“Many soldiers have their todays and can plan their tomorrows because of what a Military Working Dog did for them yesterday.”
This is the motto for Military Working Dog Adoptions, an organization run by a dedicated volunteer, Debbie Kandoll.
In 2008 Debbie adopted her first ex-military dog. With that single step, Kandoll became totally hooked on the fact that someone—her—needed to put some muscle behind solving the problem of how we treat our canine vets.
This is a topic I have covered frequently over the years, but when I was teaching my “America’s Stories through Its Dogs” class at UCLA and looking for guest speakers, my friend Robert Semrow, who hosts Pet World Insider, told me to be sure to contact Debbie Kandoll about the plight of military dogs. I thought I had pretty well covered the subject but Robert was correct—there was a lot more to know.
A Little Background
Dogs embedded with troops are absolutely life-changing for the soldiers. Even when dogs were brought along as mascots, they heard things before the soldiers and alerted the unit to the fact that something was going on; many attacked enemies when they sensed danger. (Read about Sgt. Stubby from World War I or Sallie during the Civil War.)
Yet we had no canine unit until World War II when a dog breeder, Alene Erlanger began a program asking for people to donate their pets to serve in the military. Families did.
No Discharge Plan
What was lacking was any sort of exit plan for the dogs. After World War II, a veterinarian named Bill Putney took on the re-training of dogs to return them to civilian life, but Putney knew there needed to be a formal program. (During Vietnam, American military dogs were either euthanized or left in Vietnam to fend for themselves.)
Putney, who ran a veterinary practice in southern California, spent 50 years working to get a bill passed by Congress (2001) that stops the practice of euthanizing these dogs or abandoning them after they have served in the military. Putney was one of many who knew this was no way to treat these veterans.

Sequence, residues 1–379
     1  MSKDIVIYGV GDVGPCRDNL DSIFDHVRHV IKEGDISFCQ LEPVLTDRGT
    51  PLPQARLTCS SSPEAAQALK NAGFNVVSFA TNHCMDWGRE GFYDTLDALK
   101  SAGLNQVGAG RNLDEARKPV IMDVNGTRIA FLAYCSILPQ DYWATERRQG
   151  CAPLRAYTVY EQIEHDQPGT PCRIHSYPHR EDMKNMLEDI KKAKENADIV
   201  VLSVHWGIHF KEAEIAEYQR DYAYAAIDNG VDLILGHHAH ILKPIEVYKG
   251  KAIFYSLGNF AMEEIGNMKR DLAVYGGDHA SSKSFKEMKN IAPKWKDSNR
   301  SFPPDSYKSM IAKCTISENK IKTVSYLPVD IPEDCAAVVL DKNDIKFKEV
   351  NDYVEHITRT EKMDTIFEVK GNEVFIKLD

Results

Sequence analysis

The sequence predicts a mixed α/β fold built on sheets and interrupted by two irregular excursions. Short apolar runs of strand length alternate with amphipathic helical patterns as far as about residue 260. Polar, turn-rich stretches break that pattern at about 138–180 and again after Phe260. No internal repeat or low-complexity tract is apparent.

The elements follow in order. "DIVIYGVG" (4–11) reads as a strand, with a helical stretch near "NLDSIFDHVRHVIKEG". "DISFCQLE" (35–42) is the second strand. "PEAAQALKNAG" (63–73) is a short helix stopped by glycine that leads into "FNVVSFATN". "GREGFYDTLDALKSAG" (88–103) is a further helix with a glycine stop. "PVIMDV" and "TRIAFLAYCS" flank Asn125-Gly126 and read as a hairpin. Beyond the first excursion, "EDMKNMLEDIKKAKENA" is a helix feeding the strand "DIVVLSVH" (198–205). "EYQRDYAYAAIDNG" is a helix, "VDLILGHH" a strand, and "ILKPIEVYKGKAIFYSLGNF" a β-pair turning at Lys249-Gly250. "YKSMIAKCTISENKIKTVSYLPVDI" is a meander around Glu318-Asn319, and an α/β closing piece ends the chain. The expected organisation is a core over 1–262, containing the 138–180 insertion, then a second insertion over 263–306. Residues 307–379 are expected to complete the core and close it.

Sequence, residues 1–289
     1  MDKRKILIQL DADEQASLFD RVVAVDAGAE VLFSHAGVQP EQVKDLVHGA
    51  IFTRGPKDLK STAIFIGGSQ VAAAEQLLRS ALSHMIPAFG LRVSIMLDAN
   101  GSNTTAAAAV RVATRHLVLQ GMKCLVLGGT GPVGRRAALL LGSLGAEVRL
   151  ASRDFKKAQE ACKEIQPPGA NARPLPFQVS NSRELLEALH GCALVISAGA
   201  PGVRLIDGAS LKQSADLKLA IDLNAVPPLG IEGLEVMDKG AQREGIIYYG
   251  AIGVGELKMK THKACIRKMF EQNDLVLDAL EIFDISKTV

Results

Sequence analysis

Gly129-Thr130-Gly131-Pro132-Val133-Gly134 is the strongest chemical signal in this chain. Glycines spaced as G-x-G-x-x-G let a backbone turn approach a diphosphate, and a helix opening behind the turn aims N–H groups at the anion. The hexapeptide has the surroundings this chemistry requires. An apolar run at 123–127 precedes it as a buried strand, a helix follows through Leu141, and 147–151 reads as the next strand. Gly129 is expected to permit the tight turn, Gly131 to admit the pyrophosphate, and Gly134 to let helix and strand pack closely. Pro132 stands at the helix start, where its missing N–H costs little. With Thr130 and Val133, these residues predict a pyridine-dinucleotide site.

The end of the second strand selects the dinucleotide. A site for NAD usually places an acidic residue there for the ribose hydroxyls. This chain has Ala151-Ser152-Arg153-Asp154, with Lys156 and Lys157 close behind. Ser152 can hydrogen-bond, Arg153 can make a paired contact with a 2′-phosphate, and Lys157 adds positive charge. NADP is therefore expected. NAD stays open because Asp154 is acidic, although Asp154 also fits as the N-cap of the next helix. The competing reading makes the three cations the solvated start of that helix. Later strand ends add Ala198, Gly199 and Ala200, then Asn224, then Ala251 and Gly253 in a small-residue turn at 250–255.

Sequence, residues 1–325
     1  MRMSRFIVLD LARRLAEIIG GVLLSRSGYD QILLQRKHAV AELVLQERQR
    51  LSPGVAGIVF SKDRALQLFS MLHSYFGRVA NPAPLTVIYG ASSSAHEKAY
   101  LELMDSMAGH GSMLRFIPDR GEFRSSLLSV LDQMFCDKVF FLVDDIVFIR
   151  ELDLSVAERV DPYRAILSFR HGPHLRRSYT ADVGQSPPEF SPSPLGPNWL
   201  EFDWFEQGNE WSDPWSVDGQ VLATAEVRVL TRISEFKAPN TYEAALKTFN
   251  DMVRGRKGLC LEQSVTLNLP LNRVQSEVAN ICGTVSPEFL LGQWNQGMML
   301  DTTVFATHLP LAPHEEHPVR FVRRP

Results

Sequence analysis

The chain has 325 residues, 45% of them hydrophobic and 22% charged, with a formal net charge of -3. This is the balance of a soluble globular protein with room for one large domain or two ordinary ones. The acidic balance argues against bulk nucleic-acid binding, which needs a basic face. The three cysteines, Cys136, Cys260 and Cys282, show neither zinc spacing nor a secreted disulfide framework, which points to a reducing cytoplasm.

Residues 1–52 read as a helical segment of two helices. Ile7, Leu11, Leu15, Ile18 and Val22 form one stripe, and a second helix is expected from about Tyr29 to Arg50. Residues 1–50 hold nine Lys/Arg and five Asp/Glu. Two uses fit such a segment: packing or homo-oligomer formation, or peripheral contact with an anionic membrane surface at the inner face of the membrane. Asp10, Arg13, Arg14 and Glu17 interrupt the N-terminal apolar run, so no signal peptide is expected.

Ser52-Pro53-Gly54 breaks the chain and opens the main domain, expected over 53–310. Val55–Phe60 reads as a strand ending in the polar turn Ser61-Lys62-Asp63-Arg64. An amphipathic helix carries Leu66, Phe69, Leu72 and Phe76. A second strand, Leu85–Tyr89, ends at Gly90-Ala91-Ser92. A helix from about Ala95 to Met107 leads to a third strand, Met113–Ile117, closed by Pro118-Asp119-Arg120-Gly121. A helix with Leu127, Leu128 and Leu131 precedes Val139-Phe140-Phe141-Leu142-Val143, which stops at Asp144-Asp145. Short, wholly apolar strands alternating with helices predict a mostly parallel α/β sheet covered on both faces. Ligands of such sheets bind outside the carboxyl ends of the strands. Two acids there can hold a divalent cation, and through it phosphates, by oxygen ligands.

The bill also provides for handlers to re-train their dogs and adopt them if they so choose.
But there was a catch that I didn’t pick up on initially.
What I Learned from Debbie Kandoll
Because the bill—heavily supported by Senator John McCain—classifies the dogs as “equipment,” there are a host of problems. When any type of “equipment” is taken out of service, it goes back to the base where it originated. So if a dog began his tour of duty at a base in Germany, he is returned to that base, with no funds to send him or place him elsewhere.
This leaves it up to organizations like Military Working Dog Adoptions to solicit donations—cash or airline miles—to bring the dogs to the U.S. where a home can be found. Or if the handler wants to adopt, to deliver the dog to the handler who may be on another overseas assignment.
There is also no provision for medical benefits for these canine veterans. As Debbie says, “It would be a good start if an owner could take the dog to a veterinarian on a base and get the service
“As it is, here are dogs who have risked their lives—and their health—to save the lives of our military, and we, as a country, have made no provision to take care of them,” says Kandoll.
Kandoll Visits UCLA with Three of her Dogs
Debbie Kandoll was living in Las Cruces, New Mexico when I called her, and when she heard about my class, she immediately offered to drive from New Mexico to Los Angeles with three of her dogs to tell their story. (That’s the kind of devotion Debbie gives to this cause.)
So in April of this year my class and I were spellbound by Debbie and her three extraordinary dogs. We met Luke M560 ( USA, Ret.) , Alex H116 (USAF, Ret.), and Suzy Q, a PTSD Service Dog.
The photos give you a flavor of the wonderful time we had. The dogs clearly have eyes for only one person who was with us that day. It was, of course, Debbie, who put them through some of their paces and then let us pet and enjoy the dogs to our heart’s content. We had a good number of drop-in visitors, and the class continued on for an extra hour and a half, we enjoyed her—and them—so much.
Actions Debbie Suggests:
1. Donate to the cause. Debbie’s organization is entirely dependent on donations, and she is a 501(c)3. The money goes to help bring these dogs from a base to a potential home—often their original handler. The money also goes toward medical expenses for these veterans. www.MilitaryWorkingDogAdoptions.com
2. Write to your Congressional representatives. Ask that these animals be re-classified from “equipment” to “canine members of the Armed Forces.” This would permit them to be transported to the U.S. on cargo planes at no charge (an option not available with the “equipment” classification.) It would also open discussion re: getting medical care for these vets.
3. If you would like to adopt one of these dogs, there are applications on the website.
Debbie also maintains an active facebook page where you can keep up with her whereabouts: www.facebook.com/MilitaryWorkingDogAdoptions